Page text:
becomes vital as the children grow. Resisting the temptation to intervene, we
need to allow children to stumble and fall, experience failure, have lots of
frustrations and disappointments, then to dust off and carry on, learning
something about themselves in the process.
Progressive educators have resonated strongly with Tough’s
premise and the recent research in the measurement of student success. We
understand the need to partner with parents in the challenging task of child
rearing. Weighing on us is the tension between wanting to pave the way for
children and allowing them to experience disappointment and failure. As
parents, we can feel it viscerally – the pain of failure – we want to fix it or
make it better. This tendency is quintessential to parenting. Teachers also
face this struggle.
In part, the teaching of character arises situation by
situation. I spoke recently with a parent whose daughter had “hit a wall” while
trying to learn a new skill.
Though she wanted to quit, he pushed her to stick with it and she
finally succeeded in learning the process. It was difficult for him to watch
her angst and resistance. Similarly, I recently observed a teacher who insisted
that two students who were involved in a conflict sit as long as necessary for
them to resolve their issue. I saw the students’ transition from a fevered
pitch of anger and venom to a reasonable place of calm and measured discussion
and problem solving. In these situations, had it not been for the parent and
the teacher, the players would have walked away from an important learning
I recommend that folks read Paul Tough’s book. It has
spawned countless blogs and commentary such as this. The book validates our
mission of holding children’s social and emotional development, and brings into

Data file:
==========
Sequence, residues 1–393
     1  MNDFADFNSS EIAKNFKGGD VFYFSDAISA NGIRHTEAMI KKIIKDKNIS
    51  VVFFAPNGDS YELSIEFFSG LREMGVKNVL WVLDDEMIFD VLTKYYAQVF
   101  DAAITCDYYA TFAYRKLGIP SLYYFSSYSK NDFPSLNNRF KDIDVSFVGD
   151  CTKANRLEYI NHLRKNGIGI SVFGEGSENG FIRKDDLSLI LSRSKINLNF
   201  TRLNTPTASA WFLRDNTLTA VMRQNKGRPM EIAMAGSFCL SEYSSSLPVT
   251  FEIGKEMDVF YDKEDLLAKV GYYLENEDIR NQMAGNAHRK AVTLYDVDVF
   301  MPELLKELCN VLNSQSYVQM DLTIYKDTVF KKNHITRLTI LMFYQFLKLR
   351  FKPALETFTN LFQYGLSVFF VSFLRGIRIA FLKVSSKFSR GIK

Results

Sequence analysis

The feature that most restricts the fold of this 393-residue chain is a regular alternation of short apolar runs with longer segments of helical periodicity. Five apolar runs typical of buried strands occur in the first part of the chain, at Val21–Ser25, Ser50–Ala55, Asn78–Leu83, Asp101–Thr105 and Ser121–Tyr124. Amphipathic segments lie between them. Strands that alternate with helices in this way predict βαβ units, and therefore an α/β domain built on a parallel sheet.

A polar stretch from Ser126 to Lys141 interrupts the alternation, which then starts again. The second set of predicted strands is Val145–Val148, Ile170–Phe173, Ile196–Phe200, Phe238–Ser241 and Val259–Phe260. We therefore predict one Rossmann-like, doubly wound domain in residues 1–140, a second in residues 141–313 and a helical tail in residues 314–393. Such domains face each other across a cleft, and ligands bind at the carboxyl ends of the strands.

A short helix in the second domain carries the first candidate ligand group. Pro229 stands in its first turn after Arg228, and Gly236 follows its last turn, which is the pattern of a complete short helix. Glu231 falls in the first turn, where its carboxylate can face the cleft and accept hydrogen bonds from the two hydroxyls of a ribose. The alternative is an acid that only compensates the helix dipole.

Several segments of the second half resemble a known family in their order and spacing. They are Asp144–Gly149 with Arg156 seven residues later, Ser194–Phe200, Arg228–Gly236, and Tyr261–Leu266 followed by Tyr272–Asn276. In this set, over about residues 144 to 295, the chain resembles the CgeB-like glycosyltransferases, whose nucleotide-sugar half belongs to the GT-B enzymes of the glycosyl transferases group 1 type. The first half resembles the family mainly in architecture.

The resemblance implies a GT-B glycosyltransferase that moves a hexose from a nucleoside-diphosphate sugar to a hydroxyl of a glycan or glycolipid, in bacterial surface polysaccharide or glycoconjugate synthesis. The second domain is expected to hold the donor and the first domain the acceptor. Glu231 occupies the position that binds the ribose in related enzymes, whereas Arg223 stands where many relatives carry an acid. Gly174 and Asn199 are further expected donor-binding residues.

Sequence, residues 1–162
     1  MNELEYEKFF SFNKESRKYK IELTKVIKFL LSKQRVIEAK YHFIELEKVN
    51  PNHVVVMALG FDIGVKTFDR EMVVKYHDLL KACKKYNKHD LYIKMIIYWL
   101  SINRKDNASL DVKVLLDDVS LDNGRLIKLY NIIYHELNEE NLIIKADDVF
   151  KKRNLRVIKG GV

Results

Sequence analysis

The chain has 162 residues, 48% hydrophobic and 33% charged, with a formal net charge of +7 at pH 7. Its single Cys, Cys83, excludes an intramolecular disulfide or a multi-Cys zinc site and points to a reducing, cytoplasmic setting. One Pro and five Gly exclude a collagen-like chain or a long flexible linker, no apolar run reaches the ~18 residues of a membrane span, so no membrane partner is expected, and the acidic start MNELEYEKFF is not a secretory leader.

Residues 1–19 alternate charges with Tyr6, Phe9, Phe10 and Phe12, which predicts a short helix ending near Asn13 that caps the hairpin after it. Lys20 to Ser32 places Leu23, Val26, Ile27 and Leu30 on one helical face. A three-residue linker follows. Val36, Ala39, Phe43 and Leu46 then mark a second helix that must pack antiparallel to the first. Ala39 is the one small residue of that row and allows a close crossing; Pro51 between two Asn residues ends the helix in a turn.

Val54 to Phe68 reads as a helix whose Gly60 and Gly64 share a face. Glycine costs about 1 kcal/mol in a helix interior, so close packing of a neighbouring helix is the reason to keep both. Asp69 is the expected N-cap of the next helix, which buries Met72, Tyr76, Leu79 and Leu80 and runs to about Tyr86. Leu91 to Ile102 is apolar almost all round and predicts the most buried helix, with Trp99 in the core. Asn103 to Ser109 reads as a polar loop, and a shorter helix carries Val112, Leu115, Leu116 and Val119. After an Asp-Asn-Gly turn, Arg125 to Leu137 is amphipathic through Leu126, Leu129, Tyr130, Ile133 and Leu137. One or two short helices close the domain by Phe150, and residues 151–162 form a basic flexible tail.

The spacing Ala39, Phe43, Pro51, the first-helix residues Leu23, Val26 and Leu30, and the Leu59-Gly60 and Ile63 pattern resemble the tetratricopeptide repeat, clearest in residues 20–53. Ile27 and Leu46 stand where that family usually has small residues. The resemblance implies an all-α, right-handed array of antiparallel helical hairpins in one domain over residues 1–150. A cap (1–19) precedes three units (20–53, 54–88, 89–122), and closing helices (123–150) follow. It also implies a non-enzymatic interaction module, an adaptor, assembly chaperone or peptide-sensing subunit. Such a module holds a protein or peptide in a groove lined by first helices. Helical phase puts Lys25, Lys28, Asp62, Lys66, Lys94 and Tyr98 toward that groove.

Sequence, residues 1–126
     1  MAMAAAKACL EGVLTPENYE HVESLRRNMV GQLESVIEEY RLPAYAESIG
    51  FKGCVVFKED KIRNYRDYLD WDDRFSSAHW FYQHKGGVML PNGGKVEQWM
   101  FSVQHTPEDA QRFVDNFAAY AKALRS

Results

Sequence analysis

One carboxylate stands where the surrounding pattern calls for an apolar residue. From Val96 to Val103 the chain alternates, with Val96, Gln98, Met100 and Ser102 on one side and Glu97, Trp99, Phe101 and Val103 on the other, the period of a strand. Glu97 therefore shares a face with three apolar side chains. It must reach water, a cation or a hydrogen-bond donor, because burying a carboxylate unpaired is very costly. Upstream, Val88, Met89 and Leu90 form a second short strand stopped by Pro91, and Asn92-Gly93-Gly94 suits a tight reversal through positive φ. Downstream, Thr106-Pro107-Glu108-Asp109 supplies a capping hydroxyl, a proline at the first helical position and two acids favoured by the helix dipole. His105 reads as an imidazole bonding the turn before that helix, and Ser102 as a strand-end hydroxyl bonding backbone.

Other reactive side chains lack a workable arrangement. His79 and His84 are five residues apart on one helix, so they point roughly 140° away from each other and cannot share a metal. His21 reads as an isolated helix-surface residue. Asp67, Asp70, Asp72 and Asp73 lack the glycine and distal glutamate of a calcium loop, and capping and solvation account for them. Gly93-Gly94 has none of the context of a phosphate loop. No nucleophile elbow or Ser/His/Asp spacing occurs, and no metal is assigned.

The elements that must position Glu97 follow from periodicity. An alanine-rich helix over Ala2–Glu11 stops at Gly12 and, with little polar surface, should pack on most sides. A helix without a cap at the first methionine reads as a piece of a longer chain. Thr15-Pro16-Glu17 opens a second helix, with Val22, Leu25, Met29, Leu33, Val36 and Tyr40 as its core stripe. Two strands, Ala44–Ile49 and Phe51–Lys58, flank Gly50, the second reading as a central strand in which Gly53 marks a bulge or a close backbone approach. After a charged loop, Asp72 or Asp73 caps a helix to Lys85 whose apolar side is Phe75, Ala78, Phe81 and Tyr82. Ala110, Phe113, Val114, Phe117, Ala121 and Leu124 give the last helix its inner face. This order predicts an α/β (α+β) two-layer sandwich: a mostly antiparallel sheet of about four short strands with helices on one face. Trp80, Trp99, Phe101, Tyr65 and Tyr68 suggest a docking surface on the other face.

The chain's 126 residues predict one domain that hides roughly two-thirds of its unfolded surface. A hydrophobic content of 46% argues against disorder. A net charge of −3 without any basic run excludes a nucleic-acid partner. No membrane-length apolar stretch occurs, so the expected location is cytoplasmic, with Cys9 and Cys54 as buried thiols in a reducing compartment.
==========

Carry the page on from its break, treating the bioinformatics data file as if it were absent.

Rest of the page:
relief the importance of encouraging the development of their character. These
virtues are important to their success as students, but equally to their
success at life.
Tom Little was a founding teacher at Park Day School in 1976, and taught for ten years before becoming the Director in 1986. He earned his Masters Degree in Educational Leadership at Teachers College, Columbia, at the Klingenstein Leadership Academy. In 2001, Tom was awarded a Klingenstein Visiting Heads Fellowship. From 1997-2003, he served as the Private School Representative on the Mayor's Oakland Education Cabinet. He currently serves on the Board of Directors for the Oakland Academic Stars, an organization providing college scholarships for public school students in Oakland. Tom is also on the Board of Wingspan, a national organization sponsoring public and private school partnerships. He serves on the Board of the Progressive Education Network, a national organization of educators working to advance progressive educational practices throughout the United States. Tom has consulted on educational matters with public and private schools in the Bay Area and in Ireland. He and his wife, Elizabeth, have two grown children, both of whom are Park Day School graduates, Courtney ('93) and Matthew ('00).